I believe there was a lot of praying going on that night. I was sitting there freezing while the others are pretending to sleep (they all admitted it afterward) and I see a set of headlights coming. I told Paul that whatever that was going by us to take off after it. It was a little VW and it was throwing snow like a snow plow. We were able to make it to a little store with one gas pump. It was just getting daylight and Jimmy took off his shoes and socks, rolled his pants legs as high as he could and waded snow almost up to his waist to a house on a hill. Luckily it was the station owner's house and he came down and built a big fire and we ate peanut butter crackers, candy bars, etc. as though it was a full course meal. Well, we were warm, well fed with a full tank of gas with still a good ways to go to North Battleford. Jimmy said that he would drive on in as he knew it had been a rough night for everyone. We load up and he takes out across the lot toward the road and proceeded to run into a ditch that was about 5 feet deep. The snow was so deep you couldn't see anything like that nor where the road was.
I wish you could have seen the look on Jimmy's face as we all had to crawl out on the passenger side of the car. You probably wouldn't want to hear the few choice words he said about the whole trip, but we did finally made it back to North Battleford. It was -16 below zero when we got there. Needless to say, our show for that night was cancelled.
Question from Roberto: No mandolin content but, I heard you once speak about the "shape" for each note when singing. Is there a right rule for this or just depend of each voice? It's a matter of self-learning?
Doyle Lawson: Shape note is just what it says. Each note, Do, Re, Me, Fa, Sol, La, Ti has it's own shape to identify it. The vocal range one has will determine what part you sing.
As a final parting note, I'd like to say a big thank you to all for your questions and for sharing this opportunity with me. I hope to see you somewhere down the road at a show in the future!
Doyle Lawson & Quicksilver at 2010 Joe Val Festival
Current Instrument: Gibson "Victorian" Mandolin
Strings: D'Addario EXP 74
Picks: Blue Chip 45
Microphone preferences (live and studio): Shure, Audio Technica, Neuman, Shure's and Audio Tech's live. Neumans in the studio.
A Doyle Lawson Discography
NOTE: all recordings available for purchase from Doyle Lawson's web site.
Light On My Feet, Ready to Fly - 2010
Lonely Street - 2009
Help Is On The Way - 2008
Bill Gaither's How Great Thou Art - 2007
More Behind The Picture Than The Wall - 2007
He Lives In Me - 2006
DL&Q 25th Anniversary DVD - 2005
You Gotta Dig A Little Deeper - 2005
Christmas Grass Vol. 2 - 2004
A School Of Bluegrass - 2004
Thank God - 2003
A Gospel Bluegrass Homecoming - Vol. 1 - 2003
A Gospel Bluegrass Homecoming - Vol. 2 - 2003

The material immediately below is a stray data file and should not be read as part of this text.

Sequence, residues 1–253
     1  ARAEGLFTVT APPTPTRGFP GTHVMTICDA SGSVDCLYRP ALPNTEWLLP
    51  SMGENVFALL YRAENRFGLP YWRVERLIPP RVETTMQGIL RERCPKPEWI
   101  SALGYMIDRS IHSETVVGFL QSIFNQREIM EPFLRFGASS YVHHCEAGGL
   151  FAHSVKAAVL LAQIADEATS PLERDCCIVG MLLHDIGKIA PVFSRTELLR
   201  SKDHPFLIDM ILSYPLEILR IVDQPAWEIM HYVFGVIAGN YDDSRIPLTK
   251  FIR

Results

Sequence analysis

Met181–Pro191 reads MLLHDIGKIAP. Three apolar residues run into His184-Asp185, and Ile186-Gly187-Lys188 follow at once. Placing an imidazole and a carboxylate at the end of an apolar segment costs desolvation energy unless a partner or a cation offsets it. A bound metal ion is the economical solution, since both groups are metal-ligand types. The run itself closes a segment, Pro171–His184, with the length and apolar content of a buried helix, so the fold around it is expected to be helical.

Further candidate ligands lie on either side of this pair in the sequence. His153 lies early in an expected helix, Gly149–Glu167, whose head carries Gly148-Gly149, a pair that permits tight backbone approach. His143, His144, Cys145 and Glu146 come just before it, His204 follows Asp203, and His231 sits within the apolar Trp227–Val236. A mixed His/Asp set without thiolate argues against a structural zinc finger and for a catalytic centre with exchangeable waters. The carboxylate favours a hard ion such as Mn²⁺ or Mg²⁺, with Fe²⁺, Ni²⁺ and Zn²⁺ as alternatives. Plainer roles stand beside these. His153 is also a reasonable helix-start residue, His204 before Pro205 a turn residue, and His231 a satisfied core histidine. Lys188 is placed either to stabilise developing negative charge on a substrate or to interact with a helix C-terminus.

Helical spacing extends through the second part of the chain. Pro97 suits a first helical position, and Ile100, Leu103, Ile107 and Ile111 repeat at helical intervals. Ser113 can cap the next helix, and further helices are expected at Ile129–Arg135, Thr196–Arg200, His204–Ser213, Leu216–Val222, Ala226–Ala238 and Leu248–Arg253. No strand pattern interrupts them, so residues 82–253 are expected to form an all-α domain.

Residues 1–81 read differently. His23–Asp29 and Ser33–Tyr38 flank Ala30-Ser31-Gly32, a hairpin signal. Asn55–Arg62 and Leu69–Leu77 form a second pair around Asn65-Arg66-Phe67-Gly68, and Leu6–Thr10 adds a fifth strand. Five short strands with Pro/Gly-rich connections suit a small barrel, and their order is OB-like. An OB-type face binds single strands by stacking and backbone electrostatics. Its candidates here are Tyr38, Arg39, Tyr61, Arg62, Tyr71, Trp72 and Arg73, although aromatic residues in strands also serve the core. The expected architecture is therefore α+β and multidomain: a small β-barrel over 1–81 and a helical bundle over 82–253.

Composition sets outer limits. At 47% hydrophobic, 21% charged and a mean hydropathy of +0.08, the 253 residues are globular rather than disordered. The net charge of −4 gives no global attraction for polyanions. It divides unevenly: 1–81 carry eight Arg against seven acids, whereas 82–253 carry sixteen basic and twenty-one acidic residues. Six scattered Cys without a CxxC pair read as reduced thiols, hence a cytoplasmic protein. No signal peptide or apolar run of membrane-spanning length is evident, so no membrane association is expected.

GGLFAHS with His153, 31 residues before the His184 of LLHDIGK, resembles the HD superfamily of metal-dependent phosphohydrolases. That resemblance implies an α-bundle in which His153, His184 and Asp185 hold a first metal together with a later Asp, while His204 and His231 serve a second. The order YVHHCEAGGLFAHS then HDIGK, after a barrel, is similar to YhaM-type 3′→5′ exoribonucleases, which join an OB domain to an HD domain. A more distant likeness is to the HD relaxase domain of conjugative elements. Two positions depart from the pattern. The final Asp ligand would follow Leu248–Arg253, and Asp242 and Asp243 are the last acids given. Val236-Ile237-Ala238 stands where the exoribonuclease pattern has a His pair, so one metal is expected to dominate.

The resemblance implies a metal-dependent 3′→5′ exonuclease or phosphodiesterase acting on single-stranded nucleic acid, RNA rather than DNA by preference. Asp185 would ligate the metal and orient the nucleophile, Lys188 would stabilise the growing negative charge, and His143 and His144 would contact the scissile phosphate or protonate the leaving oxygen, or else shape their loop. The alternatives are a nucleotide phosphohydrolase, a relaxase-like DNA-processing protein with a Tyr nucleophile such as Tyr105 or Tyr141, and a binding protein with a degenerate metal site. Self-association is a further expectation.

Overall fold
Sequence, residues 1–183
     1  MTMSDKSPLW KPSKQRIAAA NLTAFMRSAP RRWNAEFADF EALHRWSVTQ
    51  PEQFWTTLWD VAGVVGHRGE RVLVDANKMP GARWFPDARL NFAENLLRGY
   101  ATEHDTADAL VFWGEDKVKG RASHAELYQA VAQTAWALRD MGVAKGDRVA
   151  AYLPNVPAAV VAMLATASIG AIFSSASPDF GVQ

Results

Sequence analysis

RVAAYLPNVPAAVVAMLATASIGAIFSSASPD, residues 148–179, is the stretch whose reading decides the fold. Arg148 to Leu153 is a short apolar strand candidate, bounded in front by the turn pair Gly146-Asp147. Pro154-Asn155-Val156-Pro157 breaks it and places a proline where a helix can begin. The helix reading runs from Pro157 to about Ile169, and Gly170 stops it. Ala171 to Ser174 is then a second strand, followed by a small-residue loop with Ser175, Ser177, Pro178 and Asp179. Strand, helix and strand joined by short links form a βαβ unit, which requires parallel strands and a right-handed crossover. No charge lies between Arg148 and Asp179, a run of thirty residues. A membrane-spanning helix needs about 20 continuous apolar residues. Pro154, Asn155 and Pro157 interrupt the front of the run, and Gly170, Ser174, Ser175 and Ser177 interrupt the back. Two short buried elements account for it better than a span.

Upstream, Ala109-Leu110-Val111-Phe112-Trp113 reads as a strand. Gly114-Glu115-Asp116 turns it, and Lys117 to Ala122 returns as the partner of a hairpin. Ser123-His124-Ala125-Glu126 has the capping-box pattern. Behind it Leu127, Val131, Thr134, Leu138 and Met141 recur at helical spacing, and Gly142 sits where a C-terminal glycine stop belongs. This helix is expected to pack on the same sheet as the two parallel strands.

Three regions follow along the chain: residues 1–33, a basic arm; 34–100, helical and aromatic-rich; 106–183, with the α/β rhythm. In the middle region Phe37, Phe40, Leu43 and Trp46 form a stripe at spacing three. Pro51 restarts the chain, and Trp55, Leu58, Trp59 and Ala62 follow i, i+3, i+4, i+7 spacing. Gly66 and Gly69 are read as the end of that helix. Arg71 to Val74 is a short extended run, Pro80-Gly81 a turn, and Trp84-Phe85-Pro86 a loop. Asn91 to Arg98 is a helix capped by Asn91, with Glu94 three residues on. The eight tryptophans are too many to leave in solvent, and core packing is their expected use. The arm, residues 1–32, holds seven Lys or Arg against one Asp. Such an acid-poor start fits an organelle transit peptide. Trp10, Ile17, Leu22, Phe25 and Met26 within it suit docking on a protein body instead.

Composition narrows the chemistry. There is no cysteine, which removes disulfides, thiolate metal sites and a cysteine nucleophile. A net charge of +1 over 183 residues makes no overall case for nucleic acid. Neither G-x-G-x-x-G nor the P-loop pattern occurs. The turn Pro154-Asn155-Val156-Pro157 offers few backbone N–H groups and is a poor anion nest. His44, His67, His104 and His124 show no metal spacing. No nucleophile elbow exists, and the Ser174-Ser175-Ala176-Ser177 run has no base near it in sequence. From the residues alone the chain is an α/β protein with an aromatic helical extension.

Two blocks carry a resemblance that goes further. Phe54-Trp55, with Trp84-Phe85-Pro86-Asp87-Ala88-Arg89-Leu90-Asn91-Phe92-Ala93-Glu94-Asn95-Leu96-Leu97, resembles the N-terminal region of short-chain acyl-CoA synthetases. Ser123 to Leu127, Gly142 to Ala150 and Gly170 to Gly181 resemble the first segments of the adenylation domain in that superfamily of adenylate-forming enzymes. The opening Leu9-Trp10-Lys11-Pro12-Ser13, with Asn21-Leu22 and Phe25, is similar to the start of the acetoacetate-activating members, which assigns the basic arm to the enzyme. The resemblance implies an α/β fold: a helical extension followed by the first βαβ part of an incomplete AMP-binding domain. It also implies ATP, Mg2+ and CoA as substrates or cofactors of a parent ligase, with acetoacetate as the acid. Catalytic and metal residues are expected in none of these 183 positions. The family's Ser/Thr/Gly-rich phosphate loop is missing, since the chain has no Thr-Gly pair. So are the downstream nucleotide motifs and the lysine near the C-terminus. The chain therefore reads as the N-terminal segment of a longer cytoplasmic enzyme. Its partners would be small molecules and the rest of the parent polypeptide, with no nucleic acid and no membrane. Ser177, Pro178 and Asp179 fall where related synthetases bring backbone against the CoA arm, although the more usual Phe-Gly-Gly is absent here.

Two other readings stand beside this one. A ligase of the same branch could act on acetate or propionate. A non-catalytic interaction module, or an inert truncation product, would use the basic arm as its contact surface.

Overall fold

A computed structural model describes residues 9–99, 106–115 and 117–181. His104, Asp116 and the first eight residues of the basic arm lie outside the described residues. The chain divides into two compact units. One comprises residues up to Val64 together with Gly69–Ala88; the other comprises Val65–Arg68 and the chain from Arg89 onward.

Doyle Lawson Treasures - 30 Years Of Music & Memories DVD - 2003
Hard Game Of Love - 2002
Gospel Parade - 2001
Just Over In Heaven - 2000
Winding Through Life - 1999
Doyle Lawson & Quicksilver - Quicksilver Rides Again - 1999
Once And For Always / The News Is Out - 1999
Gospel Radio Gems - 1998
Kept And Protected - 1997
There's A Light Guiding Me - 1997
Never Walk Away - 1995
Hallelujah In My Heart - 1994
Pressing On Regardless - 1993
Treasures Money Can't Buy - 1993
Merry Christmas From Our House To Your House - 1991
Only God - 1991
The Gospel Collection, Vol. 1 - 1990
My Heart Is Yours - 1990
I Heard The Angels Singing - 1989
I'll Wonder Back Someday - 1988
Hymn Time In The Country - 1988
The News Is Out - 1987
Heaven's Joy Awaits - 1987
Beyond The Shadows - 1986
Once And For Always - 1985
Heavenly Treasures - 1983
Quicksilver Rides Again - 1982
Rock My Soul - 1980
Doyle Lawson & Quicksilver - 1979
Tennessee Dream - 1977
Doyle Lawson in The Country Gentlemen - 1971
From the DVD Bluegrass Country Soul, The Country Gentlemen filmed in 1971 at Carl Haney's festivals at Camp Springs, North Carolina on Labor Day weekend. Charlie Waller on guitar and lead vocals, Doyle Lawson on mandolin, Bill Emerson on banjo, Bill Yates on bass.
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for your great interview. It sums up what a working musician ought to be like:
stellar work ethics
focus on musicianship
profesionalism (to the max)
willingness to learn
It's allmost like "how to become a world class performer in just one lesson". (if you could follow the rules and only had talent and were willing to put up with the hardships [see the Jimmy Martin story]).
I highly appreciate your insightful responses. And if ever it may be possible to see you in Europe I will be more than pleased to attend. (I sat on the floor in front of the first row to gather your mandolin picking - apart from the overall musicianship - and mistook your mandolin for a Gil. Whatsoever, I thought it was sort of blonde/cream colored like the Gil A-5 style on the Tone Poems II CD). It sounded good. I enjoyed jamming with Barry Abernathy after the show.
I wish you the best.
Your insights on character, music and life made for a great read. I appreciate the contribution you have made and are making to the bluegrass industry.
I really enjoyed the Jimmy Martin story. If only video cameras and camera phones had been around in 1963!
A pretty good explanation website: http://fasola.org/